Heart failure also presents an additional issue when it comes to heat. “People with heart failure tend to have fluid swelling in their bodies, so we may have them limit the amount of liquid they drink,” says Dr. Connolly. “But typically, when you’re in the heat and you’re sweating, you need to drink water to avoid getting dehydrated.” Proper fluid balance can be challenging for people with heart failure.

“Unfortunately, there’s no perfect solution for people with heart failure when it comes to being in the heat,” says Dr. Connolly. For many people, being in a setting where you could overheat may be unsafe.

Are heart attacks more common in the summer?

According to Dr. Connolly, heart attacks are more common on hot days, and people with heart failure may experience complications due to increased fluid intake. “Abnormal heart rhythm called atrial fibrillation (AFib) is also more common when it’s hot out,” he says.

What temperature is too hot for people with heart disease?

There isn’t a specific temperature that’s dangerous because it depends on how long you’re in the heat, how much you’re moving, your health, and other factors. “Once you get to temperatures of the mid-90s and above, that’s often where people with heart conditions start to have heat-related problems,” says Dr. Connolly.

Ways to be safe in the heat

Dr. Connolly advises watching the forecast to avoid being surprised by high temperatures. If it will be hot outside, stay inside or limit your time outdoors to cooler parts of the day. If you want to be active on hot days, avoid overheating by exercising when it’s coolest or moving your workout inside.

Dr. Connolly offers the following tips for dealing with the heat if you have heart disease:

  • Avoid alcohol: Drinking alcohol in the heat makes it harder for your body to regulate your temperature, and it also may cause dehydration.
  • Avoid sunburns: A sunburn dehydrates you and makes it harder for your body to keep cool.
  • Don’t eat big meals: When you eat a large meal, your body sends blood to your digestive system to digest the food. With blood going to digestion, there’s less blood to flow to the surface of your skin to help cool you.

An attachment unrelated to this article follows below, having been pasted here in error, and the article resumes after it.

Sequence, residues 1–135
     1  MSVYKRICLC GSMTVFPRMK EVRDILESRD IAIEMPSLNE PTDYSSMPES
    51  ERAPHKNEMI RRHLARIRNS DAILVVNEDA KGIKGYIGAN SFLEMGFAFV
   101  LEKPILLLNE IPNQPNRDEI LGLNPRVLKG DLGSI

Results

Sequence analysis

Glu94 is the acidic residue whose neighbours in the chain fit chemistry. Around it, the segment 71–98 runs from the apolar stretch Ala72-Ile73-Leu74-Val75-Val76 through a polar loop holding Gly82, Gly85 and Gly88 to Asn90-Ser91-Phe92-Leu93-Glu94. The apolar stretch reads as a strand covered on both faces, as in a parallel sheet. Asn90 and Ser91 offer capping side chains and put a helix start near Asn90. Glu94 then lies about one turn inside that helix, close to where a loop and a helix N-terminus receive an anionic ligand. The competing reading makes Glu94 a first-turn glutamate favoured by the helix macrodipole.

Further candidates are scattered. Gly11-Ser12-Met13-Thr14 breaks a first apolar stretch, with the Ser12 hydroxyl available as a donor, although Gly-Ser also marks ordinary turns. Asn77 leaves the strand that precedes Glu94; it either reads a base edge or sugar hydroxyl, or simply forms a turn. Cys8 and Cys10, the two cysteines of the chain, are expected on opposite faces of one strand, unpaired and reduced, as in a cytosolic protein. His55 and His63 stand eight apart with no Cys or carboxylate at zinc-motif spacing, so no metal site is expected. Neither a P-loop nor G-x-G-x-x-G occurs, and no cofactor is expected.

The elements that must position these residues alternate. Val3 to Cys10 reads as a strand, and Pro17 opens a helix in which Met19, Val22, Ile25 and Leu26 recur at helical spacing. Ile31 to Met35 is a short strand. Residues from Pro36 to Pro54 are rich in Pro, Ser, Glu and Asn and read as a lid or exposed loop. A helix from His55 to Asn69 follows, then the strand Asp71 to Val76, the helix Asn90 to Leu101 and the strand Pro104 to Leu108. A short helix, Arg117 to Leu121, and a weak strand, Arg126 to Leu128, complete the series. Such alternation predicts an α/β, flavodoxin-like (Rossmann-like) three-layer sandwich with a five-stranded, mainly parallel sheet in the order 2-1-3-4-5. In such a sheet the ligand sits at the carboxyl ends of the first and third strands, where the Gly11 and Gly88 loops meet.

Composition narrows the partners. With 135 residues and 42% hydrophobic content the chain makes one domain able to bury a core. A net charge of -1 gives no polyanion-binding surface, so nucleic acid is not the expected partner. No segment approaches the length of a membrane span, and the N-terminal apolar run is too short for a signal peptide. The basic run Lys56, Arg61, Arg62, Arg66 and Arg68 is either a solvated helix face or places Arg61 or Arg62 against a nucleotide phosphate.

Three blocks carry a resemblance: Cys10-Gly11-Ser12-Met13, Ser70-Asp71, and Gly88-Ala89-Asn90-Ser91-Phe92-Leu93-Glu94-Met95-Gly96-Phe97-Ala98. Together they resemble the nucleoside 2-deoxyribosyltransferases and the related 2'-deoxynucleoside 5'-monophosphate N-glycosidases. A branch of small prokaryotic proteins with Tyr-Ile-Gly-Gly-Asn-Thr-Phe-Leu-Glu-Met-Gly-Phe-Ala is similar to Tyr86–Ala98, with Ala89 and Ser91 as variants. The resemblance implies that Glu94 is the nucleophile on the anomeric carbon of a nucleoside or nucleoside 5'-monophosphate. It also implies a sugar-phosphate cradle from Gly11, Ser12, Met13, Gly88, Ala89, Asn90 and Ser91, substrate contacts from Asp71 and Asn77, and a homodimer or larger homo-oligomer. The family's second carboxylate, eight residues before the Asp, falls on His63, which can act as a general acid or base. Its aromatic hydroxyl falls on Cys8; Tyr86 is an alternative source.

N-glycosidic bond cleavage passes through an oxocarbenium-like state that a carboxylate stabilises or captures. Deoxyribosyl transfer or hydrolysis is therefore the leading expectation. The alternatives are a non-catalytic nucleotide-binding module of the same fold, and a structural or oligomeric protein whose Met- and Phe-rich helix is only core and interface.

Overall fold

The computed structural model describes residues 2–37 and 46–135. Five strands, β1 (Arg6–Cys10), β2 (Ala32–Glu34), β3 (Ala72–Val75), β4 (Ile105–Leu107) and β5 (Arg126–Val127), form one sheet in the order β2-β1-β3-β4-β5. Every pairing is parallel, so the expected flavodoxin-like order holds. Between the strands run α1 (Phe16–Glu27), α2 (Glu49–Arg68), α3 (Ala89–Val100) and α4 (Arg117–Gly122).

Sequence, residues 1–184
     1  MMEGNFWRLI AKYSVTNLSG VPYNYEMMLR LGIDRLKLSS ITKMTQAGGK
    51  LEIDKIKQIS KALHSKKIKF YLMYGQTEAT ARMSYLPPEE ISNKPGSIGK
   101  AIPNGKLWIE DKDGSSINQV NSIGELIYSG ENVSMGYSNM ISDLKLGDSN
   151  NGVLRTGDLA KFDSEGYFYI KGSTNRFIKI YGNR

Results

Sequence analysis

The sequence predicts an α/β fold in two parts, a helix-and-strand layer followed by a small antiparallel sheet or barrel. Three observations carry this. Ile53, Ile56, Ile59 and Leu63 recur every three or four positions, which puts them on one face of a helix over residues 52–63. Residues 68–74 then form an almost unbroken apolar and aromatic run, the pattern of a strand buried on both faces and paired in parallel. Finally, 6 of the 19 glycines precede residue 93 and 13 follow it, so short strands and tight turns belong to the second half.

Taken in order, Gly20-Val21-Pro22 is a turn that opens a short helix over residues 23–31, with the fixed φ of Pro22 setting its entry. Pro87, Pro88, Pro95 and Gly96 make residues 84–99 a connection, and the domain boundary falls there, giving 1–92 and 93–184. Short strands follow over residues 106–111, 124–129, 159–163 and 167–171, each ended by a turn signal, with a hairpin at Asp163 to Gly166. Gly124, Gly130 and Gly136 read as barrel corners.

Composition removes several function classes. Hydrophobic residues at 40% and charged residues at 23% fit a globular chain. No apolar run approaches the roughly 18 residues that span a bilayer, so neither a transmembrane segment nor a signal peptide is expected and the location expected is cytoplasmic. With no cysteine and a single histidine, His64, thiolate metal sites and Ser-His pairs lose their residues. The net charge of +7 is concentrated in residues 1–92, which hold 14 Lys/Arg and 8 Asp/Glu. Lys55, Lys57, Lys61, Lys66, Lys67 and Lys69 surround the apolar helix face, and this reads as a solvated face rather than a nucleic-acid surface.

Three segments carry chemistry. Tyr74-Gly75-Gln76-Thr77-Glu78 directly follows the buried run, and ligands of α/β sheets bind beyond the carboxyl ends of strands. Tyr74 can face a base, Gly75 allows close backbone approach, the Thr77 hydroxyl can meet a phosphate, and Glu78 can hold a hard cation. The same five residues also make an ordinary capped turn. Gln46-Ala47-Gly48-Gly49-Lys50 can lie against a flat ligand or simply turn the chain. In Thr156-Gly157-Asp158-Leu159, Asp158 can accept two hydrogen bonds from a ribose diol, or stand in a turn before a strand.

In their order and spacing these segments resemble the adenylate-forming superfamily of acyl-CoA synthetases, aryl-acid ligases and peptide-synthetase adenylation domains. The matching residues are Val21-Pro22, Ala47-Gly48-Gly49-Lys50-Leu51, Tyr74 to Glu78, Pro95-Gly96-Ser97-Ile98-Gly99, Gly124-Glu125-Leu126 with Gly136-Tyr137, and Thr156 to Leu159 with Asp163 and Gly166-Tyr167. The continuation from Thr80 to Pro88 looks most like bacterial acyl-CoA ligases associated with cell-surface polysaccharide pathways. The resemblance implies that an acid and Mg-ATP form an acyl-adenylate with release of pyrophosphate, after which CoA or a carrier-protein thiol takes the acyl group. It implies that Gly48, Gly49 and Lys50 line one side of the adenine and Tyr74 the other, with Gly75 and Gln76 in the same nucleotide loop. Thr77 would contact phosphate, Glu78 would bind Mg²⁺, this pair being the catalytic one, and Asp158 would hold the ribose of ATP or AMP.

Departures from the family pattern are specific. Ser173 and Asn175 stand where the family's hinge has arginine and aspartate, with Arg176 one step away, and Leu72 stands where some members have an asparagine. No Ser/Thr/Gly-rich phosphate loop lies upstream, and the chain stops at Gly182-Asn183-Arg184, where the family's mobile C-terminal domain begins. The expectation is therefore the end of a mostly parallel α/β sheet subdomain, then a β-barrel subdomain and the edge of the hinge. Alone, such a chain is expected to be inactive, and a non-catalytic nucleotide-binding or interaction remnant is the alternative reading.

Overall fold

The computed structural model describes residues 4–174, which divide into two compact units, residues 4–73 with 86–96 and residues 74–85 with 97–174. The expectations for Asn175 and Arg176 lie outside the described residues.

• Drink more water if your provider says you can: People with heart failure typically limit fluids, but if you’re going to be sweating a lot, you may need more water to stay hydrated. Ask your provider about how to adjust your water intake if you’re in the heat.
  • Stay in the shade: Keep cooler by staying out of direct sun. A handheld fan or other personal cooling device can also help.
  • Talk to your provider about medication adjustments: If you’re going to be in the heat, temporarily adjusting medication may help your body stay cool more easily. Be sure to speak with your provider before making any medication changes.
  • When inside, stay in the coolest area: On hot days, try to sleep and spend most of your time in the coolest area of your house.

Symptoms of heat-related illness to watch for

If your body has trouble regulating your temperature in the heat, you’re at risk of heat exhaustion and heatstroke. Heat exhaustion happens when you overheat, but you’re able to bring your temperature down by moving to a cooler area or taking other cooling measures. Heat stroke is more serious because your body loses the ability to stay at a safe temperature.

Watch for these symptoms of heat-related illness:

  • Confusion
  • Cramps
  • Fever
  • Nausea

If your body temperature stays too high — over 104° F (40° C) — you may have heatstroke. This condition requires immediate medical care.

“People often get into trouble in the heat because as they get older, they keep trying to do the same things they did when they were younger,” says Dr. Connolly. “Older people, in general, have a harder time regulating body temperature. It’s smart to know your limitations.”

Learn more about or contact Mass General Brigham Heart services

Ryan Connolly, MD